“If the euro fails, then Europe fails.”
Time and again during the financial crisis and efforts to bail out Greece, that phrase has been German Chancellor Angela Merkel’s bulwark. In the coming weeks and months she will be measured by her mantra: Will her euro-crisis strategy of the last five years prove viable? Can the euro zone survive if Greece leaves?
German citizens have high expectations for Ms. Merkel’s promises. The firewalls that have been put up around the currency by politicians and the European Central Bank must hold strong if the chancellor is not to fail. In addition to the European Stability Mechanism, ECB President Mario Draghi has promised to do “whatever it takes” to prevent crisis countries like Portugal, Spain or Ireland from being dragged into the abyss again.
In a sense, these firewalls also stand to protect the chancellor’s political legacy.
The success of Ms. Merkel’s bailout policies is verifiable in Spain, Ireland and, with some limitations, also in Portugal. Furthermore, no one still talks about Italy and France as possible bailout candidates, as some did a year and a half ago.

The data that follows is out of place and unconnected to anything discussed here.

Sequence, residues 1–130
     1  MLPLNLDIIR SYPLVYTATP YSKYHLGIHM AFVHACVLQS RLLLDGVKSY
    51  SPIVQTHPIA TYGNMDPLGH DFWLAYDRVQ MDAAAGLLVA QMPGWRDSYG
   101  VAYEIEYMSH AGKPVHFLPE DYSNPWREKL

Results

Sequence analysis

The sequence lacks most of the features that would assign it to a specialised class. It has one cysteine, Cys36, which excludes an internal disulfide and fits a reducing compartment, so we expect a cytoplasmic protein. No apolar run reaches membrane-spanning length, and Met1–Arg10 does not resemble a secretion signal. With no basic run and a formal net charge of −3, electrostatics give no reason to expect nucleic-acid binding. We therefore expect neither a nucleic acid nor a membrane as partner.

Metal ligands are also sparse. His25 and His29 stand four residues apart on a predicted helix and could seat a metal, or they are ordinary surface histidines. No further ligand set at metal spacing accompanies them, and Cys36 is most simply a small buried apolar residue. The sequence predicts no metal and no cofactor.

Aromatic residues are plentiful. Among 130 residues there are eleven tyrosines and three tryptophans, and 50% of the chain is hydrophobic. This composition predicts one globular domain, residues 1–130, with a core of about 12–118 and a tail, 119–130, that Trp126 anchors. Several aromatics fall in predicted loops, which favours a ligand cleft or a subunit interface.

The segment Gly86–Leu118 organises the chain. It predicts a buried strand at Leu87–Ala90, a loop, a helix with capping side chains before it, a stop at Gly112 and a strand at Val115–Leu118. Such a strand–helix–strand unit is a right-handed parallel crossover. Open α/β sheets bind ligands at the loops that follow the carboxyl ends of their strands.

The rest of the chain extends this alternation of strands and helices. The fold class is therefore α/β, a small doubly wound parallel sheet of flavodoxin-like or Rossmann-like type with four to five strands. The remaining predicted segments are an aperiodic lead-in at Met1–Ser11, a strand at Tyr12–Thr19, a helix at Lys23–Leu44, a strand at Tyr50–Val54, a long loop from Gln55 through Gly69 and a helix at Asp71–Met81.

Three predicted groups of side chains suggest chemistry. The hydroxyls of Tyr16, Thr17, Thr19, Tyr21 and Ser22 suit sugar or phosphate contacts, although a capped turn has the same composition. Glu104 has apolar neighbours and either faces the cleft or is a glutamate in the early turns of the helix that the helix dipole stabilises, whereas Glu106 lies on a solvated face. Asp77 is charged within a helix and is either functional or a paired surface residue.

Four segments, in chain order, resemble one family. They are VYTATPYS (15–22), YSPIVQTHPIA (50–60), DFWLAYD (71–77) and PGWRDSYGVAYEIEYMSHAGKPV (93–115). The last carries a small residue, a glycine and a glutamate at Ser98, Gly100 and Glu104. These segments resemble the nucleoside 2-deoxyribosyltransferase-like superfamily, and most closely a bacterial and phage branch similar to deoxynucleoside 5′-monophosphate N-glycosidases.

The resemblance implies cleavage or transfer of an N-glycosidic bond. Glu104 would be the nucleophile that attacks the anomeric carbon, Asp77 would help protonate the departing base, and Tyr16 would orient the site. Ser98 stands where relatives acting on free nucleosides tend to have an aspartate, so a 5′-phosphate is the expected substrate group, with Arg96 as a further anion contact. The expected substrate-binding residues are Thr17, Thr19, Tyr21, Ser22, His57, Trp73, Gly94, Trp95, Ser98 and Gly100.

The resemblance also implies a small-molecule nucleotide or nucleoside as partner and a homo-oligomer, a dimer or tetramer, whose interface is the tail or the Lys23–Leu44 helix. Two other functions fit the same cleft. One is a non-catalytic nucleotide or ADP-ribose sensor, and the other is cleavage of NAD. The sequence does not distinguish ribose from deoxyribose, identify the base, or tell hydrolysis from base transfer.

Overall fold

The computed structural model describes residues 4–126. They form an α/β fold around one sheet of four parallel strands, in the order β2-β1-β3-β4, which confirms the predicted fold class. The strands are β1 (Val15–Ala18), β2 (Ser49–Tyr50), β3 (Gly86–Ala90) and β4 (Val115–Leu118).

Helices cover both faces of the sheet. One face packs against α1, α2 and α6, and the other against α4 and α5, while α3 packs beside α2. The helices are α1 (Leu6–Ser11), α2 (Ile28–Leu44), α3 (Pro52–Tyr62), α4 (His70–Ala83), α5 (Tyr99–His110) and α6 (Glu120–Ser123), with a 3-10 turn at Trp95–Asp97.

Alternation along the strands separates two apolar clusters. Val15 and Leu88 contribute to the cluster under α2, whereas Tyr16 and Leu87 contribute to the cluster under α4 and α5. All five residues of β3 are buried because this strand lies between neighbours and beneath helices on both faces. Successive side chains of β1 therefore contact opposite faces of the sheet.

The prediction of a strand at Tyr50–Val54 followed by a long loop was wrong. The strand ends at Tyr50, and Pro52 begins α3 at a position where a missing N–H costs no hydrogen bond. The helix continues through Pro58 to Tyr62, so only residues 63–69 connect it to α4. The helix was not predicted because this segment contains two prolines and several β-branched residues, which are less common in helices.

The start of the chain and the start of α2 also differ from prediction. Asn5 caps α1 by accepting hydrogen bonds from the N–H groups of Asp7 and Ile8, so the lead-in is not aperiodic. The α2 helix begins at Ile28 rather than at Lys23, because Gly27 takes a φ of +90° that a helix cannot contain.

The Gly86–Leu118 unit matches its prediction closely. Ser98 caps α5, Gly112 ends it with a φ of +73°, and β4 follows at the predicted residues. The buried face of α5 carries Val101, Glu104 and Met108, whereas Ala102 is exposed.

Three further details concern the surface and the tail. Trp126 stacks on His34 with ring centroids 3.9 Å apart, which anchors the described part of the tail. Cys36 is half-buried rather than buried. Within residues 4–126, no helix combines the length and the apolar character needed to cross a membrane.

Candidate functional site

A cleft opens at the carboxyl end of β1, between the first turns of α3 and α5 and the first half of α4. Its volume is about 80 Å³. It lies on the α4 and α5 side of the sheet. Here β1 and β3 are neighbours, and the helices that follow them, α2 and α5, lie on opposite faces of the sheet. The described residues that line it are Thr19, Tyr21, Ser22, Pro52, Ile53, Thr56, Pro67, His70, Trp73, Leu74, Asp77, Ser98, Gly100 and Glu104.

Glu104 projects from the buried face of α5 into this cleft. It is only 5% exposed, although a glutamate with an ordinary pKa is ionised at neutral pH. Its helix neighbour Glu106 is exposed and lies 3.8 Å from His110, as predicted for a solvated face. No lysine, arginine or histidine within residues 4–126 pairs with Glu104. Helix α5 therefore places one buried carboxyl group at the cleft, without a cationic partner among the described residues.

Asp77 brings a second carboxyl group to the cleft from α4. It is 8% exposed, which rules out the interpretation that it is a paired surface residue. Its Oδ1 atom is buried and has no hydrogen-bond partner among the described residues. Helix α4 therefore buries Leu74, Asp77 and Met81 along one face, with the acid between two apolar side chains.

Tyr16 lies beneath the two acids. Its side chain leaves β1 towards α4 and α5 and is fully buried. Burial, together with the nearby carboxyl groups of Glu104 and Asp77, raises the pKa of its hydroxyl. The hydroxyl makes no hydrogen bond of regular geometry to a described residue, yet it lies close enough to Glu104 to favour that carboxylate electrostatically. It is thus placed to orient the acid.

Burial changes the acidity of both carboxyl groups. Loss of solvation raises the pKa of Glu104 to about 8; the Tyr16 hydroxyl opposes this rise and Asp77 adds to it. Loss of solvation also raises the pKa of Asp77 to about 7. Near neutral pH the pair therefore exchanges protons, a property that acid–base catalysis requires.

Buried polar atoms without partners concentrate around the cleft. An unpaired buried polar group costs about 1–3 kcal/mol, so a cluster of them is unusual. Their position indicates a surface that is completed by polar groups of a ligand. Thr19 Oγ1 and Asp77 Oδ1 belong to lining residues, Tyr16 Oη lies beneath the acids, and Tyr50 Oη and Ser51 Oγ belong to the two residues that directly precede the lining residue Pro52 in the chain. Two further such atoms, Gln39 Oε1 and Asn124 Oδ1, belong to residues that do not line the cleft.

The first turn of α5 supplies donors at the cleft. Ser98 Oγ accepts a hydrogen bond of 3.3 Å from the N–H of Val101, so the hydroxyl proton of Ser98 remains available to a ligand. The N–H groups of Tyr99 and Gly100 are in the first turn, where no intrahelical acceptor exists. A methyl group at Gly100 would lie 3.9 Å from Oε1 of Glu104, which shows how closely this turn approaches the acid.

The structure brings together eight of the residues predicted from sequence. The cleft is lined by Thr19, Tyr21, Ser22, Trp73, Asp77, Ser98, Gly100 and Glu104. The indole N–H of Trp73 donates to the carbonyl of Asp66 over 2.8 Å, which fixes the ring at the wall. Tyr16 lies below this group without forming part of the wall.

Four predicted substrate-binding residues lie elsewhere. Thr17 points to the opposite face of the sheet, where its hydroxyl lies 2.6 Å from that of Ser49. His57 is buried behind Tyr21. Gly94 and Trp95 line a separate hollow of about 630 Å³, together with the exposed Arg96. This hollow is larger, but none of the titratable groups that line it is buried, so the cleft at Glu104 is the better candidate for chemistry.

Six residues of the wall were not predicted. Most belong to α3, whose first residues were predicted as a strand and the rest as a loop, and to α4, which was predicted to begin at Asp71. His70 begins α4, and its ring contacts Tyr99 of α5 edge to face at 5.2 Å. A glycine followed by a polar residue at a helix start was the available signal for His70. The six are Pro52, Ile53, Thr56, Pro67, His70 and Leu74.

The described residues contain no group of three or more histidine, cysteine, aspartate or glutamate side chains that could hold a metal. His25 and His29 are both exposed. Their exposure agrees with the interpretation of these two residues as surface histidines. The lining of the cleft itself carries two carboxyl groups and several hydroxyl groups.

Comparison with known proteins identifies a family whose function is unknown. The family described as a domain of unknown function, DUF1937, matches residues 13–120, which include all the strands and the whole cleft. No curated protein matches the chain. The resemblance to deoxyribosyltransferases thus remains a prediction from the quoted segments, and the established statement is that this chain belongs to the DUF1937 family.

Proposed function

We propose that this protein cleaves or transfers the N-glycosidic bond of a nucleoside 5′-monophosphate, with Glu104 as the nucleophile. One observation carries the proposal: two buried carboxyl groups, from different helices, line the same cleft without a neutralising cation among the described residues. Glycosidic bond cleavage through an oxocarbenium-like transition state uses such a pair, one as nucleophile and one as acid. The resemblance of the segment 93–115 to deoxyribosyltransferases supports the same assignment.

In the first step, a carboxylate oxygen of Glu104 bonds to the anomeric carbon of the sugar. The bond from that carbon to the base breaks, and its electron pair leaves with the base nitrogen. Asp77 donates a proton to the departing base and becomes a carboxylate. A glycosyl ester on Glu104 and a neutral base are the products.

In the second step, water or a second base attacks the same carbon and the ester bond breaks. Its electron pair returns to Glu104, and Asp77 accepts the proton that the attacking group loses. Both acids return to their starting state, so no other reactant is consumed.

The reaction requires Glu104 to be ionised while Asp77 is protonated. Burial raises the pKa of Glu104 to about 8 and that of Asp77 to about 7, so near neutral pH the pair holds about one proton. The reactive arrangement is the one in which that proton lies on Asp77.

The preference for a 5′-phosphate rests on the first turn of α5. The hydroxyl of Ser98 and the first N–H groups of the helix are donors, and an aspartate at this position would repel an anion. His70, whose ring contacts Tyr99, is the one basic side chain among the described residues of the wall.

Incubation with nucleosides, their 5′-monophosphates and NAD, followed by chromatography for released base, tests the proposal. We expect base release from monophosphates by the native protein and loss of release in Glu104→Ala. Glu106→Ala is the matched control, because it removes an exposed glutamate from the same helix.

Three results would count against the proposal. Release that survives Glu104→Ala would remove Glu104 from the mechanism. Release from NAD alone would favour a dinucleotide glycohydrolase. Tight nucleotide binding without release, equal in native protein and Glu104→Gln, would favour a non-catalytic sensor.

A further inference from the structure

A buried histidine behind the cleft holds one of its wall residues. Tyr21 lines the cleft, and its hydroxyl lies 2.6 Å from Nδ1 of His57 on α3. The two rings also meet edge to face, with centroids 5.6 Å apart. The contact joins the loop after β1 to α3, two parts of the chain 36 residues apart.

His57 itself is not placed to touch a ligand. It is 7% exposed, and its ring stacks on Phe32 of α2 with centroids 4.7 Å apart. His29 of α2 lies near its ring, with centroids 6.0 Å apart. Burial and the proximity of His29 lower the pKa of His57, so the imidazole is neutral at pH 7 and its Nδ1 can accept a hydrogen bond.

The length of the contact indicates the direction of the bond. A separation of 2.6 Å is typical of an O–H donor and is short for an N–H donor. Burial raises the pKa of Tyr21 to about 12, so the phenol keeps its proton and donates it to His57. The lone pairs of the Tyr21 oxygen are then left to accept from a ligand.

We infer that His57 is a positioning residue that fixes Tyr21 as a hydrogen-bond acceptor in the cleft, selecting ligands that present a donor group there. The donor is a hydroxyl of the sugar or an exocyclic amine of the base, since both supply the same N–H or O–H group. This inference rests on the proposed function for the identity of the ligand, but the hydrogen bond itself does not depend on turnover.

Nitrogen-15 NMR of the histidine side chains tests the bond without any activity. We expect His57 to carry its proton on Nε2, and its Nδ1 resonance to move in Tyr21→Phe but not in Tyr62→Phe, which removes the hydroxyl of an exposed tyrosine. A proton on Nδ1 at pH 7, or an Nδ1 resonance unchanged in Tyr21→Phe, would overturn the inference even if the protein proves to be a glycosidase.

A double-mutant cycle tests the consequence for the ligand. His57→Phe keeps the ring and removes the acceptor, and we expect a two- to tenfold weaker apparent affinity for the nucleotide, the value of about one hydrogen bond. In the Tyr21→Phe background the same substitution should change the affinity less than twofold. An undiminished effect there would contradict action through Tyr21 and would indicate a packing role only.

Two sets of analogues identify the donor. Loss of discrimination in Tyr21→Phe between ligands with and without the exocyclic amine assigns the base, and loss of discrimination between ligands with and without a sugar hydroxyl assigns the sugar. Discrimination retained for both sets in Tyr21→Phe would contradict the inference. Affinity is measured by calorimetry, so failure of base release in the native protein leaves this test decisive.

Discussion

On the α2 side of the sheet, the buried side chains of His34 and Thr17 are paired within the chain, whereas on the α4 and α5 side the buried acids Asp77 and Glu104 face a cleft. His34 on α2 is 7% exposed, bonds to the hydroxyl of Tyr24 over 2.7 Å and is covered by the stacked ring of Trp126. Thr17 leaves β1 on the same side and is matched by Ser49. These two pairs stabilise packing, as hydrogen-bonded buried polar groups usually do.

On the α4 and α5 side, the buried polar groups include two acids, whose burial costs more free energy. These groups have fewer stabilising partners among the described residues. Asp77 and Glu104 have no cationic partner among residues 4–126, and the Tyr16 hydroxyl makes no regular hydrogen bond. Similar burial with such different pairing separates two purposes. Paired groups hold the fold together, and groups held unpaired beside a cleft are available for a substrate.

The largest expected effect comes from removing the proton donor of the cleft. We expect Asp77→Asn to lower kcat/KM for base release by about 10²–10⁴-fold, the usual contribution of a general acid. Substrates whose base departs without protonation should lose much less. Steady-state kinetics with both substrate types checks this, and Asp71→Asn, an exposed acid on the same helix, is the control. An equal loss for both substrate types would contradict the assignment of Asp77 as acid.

So there can’t be any talk yet of a complete failure of these crisis mechanisms. And yet financial markets will not wait long to attack the euro zone’s stability. They will no doubt test how strong the member states really are.
A good indication of how Ms. Merkel may act in the future is the way she reacted to the financial crisis of 2008 after the Lehman collapse. At the time, Ms. Merkel and her then-finance minister, Peer Steinbrück, guaranteed citizens their savings deposits.